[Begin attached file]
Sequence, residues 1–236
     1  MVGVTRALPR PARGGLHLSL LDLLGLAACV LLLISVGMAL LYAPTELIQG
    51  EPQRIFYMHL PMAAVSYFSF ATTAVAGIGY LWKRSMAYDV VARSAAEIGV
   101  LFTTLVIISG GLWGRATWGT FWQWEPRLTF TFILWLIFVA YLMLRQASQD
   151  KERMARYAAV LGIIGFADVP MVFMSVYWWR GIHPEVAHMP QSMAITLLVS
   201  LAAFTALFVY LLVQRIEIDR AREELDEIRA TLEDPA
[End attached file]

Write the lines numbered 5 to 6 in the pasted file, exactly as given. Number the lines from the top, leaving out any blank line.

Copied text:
   151  KERMARYAAV LGIIGFADVP MVFMSVYWWR GIHPEVAHMP QSMAITLLVS
   201  LAAFTALFVY LLVQRIEIDR AREELDEIRA TLEDPA